Museveni aide ‘bought chemical, bio weapons’
A Danish national appeared before a London court on Monday on charges of transferring chemical and biological weapons to Mr Ananias Tumukunde, an aide to President Museveni who has been in the custody of British authorities for several weeks on charges of money laundering.
Mr Niels Jørgen Tobiasen, 55, who appeared before the Southwark Crown Court for a pre-trial hearing, is a director in a Copenhagen-based firm that supplies sophisticated software and hardware to armed forces in the United States, Great Britain, Nato, and to more than 20 other countries.
He is suspected of having dealings with Mr Tumukunde, a Ugandan diplomatic passport holder, who was arrested in the UK on April 3, charged with five money laundering-related offences, and remanded at Hamondsworth Prison. Mr Tobiasen was arrested on July 17 in London after a two-month investigation, and three months after Mr Tumukunde first appeared in court.
Mr Tumukunde was not in court on Monday when Mr Tobiasen appeared before Southwark Crown Court but prosecutor David Levy asked Justice Martin Beddoe to have the two suspects appear in court together when trial starts on August 22.
According to the indictment seen by Daily Monitor, it is alleged that between April 1, 2007 and April 4, 2008, Mr Tobiasen “conspired together with Ananias Tumukunde and Lt. Col. Rusoke Tagaswire to transfer, acquire, use or have possession of criminal property” in contravention of Britain’s Proceeds of Crime Act 2002. Prosecution says Mr Tobiasen “on the 15th day of January 2008 transferred criminal property, namely Chemical and Biological weapons”.
Lt. Col. Tagaswire, a Uganda People’s Defence Force officer, is still at large. A bio-chemist with a degree in toxicology, Lt. Col. Tagaswire was part of the team appointed by President Museveni last year to investigate the suspicious death of Brig. Noble Mayombo who died after a sudden and intense illness that aroused suspicion of poisoning. The report of their findings has not been made public.
During Mr Tumukunde’s last appearance at Southwark Crown Court, the prosecutor, Mr David Whitaker, alleged that Uganda’s diplomatic mission in London was not cooperating in the case against President Museveni’s adviser. Uganda’s High Commissioner to London Joan Rwabyomere denied the claim in an interview with Daily Monitor.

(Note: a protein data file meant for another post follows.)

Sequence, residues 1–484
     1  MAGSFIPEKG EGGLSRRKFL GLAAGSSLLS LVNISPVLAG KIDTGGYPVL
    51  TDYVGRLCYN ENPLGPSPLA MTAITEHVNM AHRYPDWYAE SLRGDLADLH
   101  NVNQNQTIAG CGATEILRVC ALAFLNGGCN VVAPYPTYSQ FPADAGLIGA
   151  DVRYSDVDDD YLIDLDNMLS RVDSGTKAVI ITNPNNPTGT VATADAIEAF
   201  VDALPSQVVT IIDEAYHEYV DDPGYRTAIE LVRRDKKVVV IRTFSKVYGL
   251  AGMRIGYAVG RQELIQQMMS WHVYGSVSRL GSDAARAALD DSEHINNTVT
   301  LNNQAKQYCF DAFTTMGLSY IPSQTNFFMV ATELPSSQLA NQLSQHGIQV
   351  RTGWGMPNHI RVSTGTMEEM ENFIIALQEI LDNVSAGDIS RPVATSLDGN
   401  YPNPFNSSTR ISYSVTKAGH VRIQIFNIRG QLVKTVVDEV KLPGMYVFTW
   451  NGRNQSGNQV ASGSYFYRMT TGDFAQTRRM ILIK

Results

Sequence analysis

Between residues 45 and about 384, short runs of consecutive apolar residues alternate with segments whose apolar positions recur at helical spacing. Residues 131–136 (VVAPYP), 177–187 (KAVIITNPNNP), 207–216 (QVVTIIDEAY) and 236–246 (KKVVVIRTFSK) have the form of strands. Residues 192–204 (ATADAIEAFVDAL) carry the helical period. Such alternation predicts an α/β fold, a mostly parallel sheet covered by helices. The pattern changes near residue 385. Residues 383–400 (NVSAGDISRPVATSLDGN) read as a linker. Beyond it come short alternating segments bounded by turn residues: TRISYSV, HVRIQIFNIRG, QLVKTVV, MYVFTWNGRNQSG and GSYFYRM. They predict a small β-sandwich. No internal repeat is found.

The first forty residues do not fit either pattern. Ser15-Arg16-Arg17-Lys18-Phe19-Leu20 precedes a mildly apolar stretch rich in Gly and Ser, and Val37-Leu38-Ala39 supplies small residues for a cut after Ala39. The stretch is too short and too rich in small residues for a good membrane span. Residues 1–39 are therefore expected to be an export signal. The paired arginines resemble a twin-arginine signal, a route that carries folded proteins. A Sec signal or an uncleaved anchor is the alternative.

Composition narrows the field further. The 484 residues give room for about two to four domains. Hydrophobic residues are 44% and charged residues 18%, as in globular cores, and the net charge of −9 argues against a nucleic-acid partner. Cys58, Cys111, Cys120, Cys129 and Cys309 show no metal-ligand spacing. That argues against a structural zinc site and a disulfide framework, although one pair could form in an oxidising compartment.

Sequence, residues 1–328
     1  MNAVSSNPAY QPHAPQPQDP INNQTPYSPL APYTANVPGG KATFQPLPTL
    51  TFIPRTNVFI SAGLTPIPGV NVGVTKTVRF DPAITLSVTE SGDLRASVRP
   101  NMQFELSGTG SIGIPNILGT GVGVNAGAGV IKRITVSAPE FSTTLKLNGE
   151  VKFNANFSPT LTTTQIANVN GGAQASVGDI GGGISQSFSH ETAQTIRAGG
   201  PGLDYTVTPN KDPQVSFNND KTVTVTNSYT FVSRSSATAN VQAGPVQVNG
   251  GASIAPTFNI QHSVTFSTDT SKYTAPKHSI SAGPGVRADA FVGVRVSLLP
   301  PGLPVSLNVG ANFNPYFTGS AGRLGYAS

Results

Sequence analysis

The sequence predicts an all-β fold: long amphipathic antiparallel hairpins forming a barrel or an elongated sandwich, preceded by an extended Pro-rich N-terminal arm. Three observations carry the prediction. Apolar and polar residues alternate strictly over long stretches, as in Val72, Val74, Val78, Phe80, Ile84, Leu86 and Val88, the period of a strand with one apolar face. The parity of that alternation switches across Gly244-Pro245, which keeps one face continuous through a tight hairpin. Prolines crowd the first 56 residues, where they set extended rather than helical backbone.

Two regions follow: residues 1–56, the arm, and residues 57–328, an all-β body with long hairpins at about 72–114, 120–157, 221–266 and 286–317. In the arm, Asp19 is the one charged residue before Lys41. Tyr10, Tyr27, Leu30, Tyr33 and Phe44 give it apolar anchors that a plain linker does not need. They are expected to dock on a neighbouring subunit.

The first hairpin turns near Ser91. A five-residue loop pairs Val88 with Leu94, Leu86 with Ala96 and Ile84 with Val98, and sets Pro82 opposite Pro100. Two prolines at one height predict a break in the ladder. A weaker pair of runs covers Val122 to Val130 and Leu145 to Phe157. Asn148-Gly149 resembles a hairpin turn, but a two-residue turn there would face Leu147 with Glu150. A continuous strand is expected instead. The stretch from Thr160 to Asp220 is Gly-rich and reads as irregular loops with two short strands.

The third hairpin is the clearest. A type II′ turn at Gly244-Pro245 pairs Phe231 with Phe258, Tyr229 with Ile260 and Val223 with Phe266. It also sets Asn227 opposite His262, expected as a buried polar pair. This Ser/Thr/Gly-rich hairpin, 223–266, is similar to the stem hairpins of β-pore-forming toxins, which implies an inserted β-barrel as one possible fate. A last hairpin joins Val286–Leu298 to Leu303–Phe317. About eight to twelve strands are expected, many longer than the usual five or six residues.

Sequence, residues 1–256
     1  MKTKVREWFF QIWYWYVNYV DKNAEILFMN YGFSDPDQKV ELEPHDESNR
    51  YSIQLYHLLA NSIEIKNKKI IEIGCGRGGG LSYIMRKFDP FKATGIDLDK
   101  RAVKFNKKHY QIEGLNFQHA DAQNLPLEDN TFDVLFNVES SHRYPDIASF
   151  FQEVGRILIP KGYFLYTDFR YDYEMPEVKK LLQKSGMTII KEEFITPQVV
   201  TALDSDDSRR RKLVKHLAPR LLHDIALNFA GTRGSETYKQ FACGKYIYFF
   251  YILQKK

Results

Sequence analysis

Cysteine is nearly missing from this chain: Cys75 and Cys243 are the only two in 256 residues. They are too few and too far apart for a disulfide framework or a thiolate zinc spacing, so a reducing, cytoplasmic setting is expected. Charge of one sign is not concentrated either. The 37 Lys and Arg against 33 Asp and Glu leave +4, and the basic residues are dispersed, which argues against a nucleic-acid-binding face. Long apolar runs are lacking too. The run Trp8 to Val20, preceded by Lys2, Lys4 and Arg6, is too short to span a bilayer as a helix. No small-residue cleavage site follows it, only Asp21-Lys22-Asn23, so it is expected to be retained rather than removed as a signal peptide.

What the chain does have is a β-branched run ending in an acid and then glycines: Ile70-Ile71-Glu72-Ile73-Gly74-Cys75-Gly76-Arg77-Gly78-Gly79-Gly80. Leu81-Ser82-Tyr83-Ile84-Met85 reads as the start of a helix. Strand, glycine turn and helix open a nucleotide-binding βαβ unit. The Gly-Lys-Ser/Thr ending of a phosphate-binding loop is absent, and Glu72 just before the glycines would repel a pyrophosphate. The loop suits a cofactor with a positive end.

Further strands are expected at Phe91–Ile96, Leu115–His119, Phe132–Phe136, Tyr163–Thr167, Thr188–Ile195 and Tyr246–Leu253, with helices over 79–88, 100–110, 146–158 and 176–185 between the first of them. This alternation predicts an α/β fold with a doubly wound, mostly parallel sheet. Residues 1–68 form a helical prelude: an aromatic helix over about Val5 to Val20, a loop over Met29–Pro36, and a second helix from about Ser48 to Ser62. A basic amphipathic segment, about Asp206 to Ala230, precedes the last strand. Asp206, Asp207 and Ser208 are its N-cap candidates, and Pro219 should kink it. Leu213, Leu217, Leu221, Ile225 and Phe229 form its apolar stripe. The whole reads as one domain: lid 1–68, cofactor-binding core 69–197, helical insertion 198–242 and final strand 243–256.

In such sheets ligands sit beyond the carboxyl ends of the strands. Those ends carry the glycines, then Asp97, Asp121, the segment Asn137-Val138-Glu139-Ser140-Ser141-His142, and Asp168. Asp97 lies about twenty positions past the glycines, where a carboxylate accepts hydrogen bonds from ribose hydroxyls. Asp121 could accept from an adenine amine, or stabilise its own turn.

“Yes, we received the questionnaire from [the Crown Prosecution Service]. I forwarded the questionnaire to the Attorney General in Kampala but we haven’t received the response,” Ms Rwabyomere said.
Deputy Attorney General Freddie Ruhindi claimed the office had not received the questionnaire and referred inquiries about the two Ugandan officials back to the high commission in London. The High Commissioner and her deputy, Ms Mumtaz Kassam, were not available for comment.
The army and the government yesterday denied any wrongdoing but pledged to cooperate with the investigators. The Presidential Guard Brigade Spokesman, Capt. Edson Kwesiga, said; “It’s true Lt. Tagaswire is one of us but it’s not right to say he has connections with Mr Tumukunde. We are more than willing to help the investigators in this case with any information they may require.”
The Minister of Information, Mr Kirunda Kivejinja, said yesterday: “We want to identify the actual mission he (Tumukunde) had gone for, but as government we don’t do clandestine work. We will assist in giving any information they (investigators) want….”
Ms Kassam and President Museveni’s legal aide Fox Odoi have been seen outside the London courthouse where Mr Tumukunde is being tried.
Lawyers working for the Kampala government have separately asked court to either drop the charges against Mr Tumukunde or have him released on bail but on both occasions, the judges have concurred with prosecutors; Mr David Levy and Mr David Whitaker that Mr Tumukunde should remain in custody as investigations continue. Each count against Mr Tumukunde carries a maximum sentence of 14 years in jail.
Chemical and biological weapons are considered weapons of mass destruction. The release of nerve agent sarin in a Tokyo subway in 1995 was a rare terrorist chemical attack while the mailing of anthrax bacteria to government and news media offices in the United States in 2001 is one of the most recent examples.
Uganda is a signatory to both the 1972 Biological Weapons Convention and the 1993 Chemical Weapons Convention which prohibit the use of these types of weapons due, in part, to the indiscriminate nature of their lethal effects.